The notion that China’s currency, the renminbi (RMB), is on a long-term path of appreciation appears in question after its sharp decline since February. We think that the setback is only temporary—and that the currency will resume its climb in a few months.
Some investors have added exposure to China, expecting a reasonable proportion of their returns to come from the RMB’s steady appreciation. For them, events since February may have come as an unwelcome surprise. In that month, the People’s Bank of China (PBC) widened the band within which the currency traded against the US dollar from 1% to 2%.
Since then, the currency has depreciated by about 4%.
The decline seemed to reduce the potential returns that investors in RMB-denominated assets had hoped to make, and it raised questions about capital flows. To what extent did it signal that international investors were losing faith in China, given the country’s well-publicized economic challenges? Would the currency have to fall even further to stimulate China’s export sector and revive overall growth?
We believe that concerns are overdone for three reasons—currency fundamentals, history and government policy. The widening of the trading band was deliberate policy: one of the PBC’s objectives was to reduce the flows of speculative capital, or “hot money,” into the economy, much of it attracted by the prospect of a rising RMB.
Early indications are that the PBC has succeeded. We estimate inflows of hot money into China’s foreign exchange (FX) reserves in January and February to be US$38 billion and US$25 billion respectively, followed by outflows of US$30 billion in March—the month after the policy took effect. The result was US$33 billion of net first-quarter hot-money inflows. Overall, FX reserves increased by a massive US$129 billion during the quarter (Display 1). Cross-border capital flows are fundamental factors in determining a currency’s valuation; on this basis, the RMB appears well supported.
How sensitive is the RMB to changes in the current account? As the red line in Display 1 shows, the last time China’s current account experienced net outflows was in the second quarter of 2012. Compare that with the secular appreciation for the RMB shown in Display 2: while the currency dipped in the latter part of 2012, it still managed to gain 1% against the US dollar for the year before reverting to trend and rising 3% during 2013.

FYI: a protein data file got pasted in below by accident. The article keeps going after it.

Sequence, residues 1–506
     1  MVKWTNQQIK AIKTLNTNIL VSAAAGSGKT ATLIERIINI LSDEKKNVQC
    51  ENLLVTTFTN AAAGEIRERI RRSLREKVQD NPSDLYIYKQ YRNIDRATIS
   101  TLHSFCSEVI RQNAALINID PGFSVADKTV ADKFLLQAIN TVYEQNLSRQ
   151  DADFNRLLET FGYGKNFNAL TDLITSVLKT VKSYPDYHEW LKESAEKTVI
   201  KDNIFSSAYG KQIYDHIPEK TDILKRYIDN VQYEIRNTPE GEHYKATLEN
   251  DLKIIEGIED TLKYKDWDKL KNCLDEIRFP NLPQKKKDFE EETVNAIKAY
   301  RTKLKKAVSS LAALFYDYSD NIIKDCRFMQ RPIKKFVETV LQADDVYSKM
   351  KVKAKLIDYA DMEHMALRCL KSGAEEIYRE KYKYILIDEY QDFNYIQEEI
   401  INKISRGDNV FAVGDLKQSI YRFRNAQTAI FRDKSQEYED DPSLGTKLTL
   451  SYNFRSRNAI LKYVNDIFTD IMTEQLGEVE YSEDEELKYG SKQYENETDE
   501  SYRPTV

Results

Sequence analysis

What factors today might suggest that the RMB should fall further? Very few, in our view. In fact, there are both fundamental support, from continuing current account growth, and technical support. Last month, for example, the World Bank’s International Comparison Program—which compares countries’ gross domestic products and estimates their purchasing power parities (PPPs)—released its latest report. Based on 2011 data, the report revised downward the prices of nontraded goods and services in China and re-estimated China’s PPP. The result was a forecast that China will overtake the US as the world’s largest economy (in PPP terms) by the end of this year. This assessment left room for further currency appreciation.
RMB Is a Policy Tool
China has experienced significant changes since 2012, not least a slowdown in economic growth (as reflected in the relatively low first-quarter trade balance shown in Display 1). Some commentators have suggested that the Chinese authorities could respond by allowing the RMB to fall further to assist an export-led recovery. We disagree, for three reasons.
First, such a move would be politically fraught. It would result in China once again exporting deflation, as it did during its heyday as the world’s factory—only this time with far greater potential consequences, given the fragile nature of the global recovery. At the very least, it would risk confrontation with the US—a frequent critic of China’s currency management. The US Department of the Treasury, for example, sharply criticized the February devaluation and wants to see a much higher RMB.
Second, it would run counter to the policy of President Xi Jinping and Premier Li Keqiang to internationalize the RMB. The administration is firmly committed to this process, which we think could lead to the RMB becoming a regional reserve currency far more quickly than most people expect. Creating and maintaining trust in the currency is essential to this project and would easily be undermined by large and unpredictable changes in the RMB’s valuation.
Third, the RMB is an instrument of policy—a tool the government uses to achieve its ends. China’s overriding policy objective is to preserve social order by securing more diverse and sustainable economic growth, in which domestic consumption plays a larger role alongside trade. It’s pursuing the goal through reforms that will give market forces freer rein. The internationalization of the RMB is an important part of the strategy, and the widening of its trading band in February was a small but important maneuver in the overall campaign.
The RMB quickly recovered from the depreciation that followed the previous widening of the trading band. Display 3, for example, shows a rapid return to appreciation after the band was widened from 0.5% to 1% in April 2012. Our analysis suggests that the currency could be back on its long-term appreciation curve of 4% to 5% a year by this time next year.
The views expressed herein do not constitute research, investment advice or trade recommendations and do not necessarily represent the views of all AllianceBernstein portfolio-management teams.
Hayden Briscoe is Director of Asia-Pacific Fixed Income at AllianceBernstein (NYSE:AB).